WegoWise, a building intelligence provider, has launched a new rating for apartment building energy efficiency performance.
WegoScore is a simple numerical assessment that provides a clear snapshot of a building’s utility usage, enabling property owners to prioritize retrofits, better manage their portfolios and communicate building efficiency to tenants. The rating condenses numerous complex measurements of building performance into one number. It is a tool for the real estate industry to communicate efficiency efforts among owners, managers and occupants. It also can highlight superior asset management practices to the financial markets.
Building on the progress of LEED and other green certifications, WegoScore grades all aspects of buildings’ ongoing utility performance rather than a building’s design or construction. With the largest collection of multifamily building performance data in the world — including over 2.6 million utility bills tracked to date — WegoWise says it has the unique capability to create an accurate efficiency rating.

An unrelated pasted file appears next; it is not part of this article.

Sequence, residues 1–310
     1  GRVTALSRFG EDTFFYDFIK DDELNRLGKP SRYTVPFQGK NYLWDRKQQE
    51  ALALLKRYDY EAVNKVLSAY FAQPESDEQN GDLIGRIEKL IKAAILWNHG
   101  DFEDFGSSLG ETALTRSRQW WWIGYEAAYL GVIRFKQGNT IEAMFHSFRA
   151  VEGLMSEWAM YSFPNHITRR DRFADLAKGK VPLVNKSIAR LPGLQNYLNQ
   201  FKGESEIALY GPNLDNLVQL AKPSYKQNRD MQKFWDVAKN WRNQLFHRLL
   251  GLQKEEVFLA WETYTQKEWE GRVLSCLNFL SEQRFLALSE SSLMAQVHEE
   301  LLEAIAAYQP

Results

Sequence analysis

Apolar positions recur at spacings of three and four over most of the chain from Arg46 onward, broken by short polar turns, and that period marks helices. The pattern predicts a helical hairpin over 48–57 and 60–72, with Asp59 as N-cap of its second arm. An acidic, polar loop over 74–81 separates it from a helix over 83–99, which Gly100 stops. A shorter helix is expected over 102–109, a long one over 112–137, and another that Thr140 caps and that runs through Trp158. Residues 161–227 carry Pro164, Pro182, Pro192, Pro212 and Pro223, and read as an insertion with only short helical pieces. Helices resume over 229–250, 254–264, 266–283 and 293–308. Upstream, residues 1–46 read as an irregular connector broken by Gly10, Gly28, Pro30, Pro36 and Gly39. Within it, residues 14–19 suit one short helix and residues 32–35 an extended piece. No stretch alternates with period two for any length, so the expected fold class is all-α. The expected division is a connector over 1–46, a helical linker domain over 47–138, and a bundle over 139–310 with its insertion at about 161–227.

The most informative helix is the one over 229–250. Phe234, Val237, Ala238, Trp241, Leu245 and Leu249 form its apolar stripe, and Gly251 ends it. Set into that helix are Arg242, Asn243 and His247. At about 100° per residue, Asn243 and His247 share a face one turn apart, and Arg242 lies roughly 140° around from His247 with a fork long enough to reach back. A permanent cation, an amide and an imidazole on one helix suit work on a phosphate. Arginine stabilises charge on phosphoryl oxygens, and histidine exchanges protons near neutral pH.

How WegoScore works:
- WegoWise assesses buildings for three separate WegoScores: energy, water and carbon.
- The scoring algorithm examines the normalized usages for buildings of a given type (highrise, lowrise, etc.) in a particular climate.
- A building is given a WegoScore from 1-100 based on where it falls in the resulting distribution.
- The WegoScore is a grade rather than a rank, capturing and reflecting the relative difference between buildings’ performances.
Buildings with exceptionally high scores receive certificates and decals to promote their achievement.
Energy efficiency is estimated to be a multi-hundred-billion dollar investment opportunity in the United States, but better policies are required to unlock broad-based financing from institutional investors, according to a 2013 report by Ceres and its Investor Network on Climate Risk (INCR). The report says utility regulation, demand-generating policies, and innovative financing policies have the potential of taking energy efficiency financing to a scale sufficient enough to attract significant institutional investment.
Increasing efficiency and the use of renewables will be critical to averting a global water crisis by 2040, according to two recent reports by CNA Corporation, a nonprofit research and analysis organization. The research, which explores the links between electric power generation and water use, also offers recommendations for strategic steps that can be taken to reduce power companies’ heavy dependence on water, which can enhance the reliability of power generation.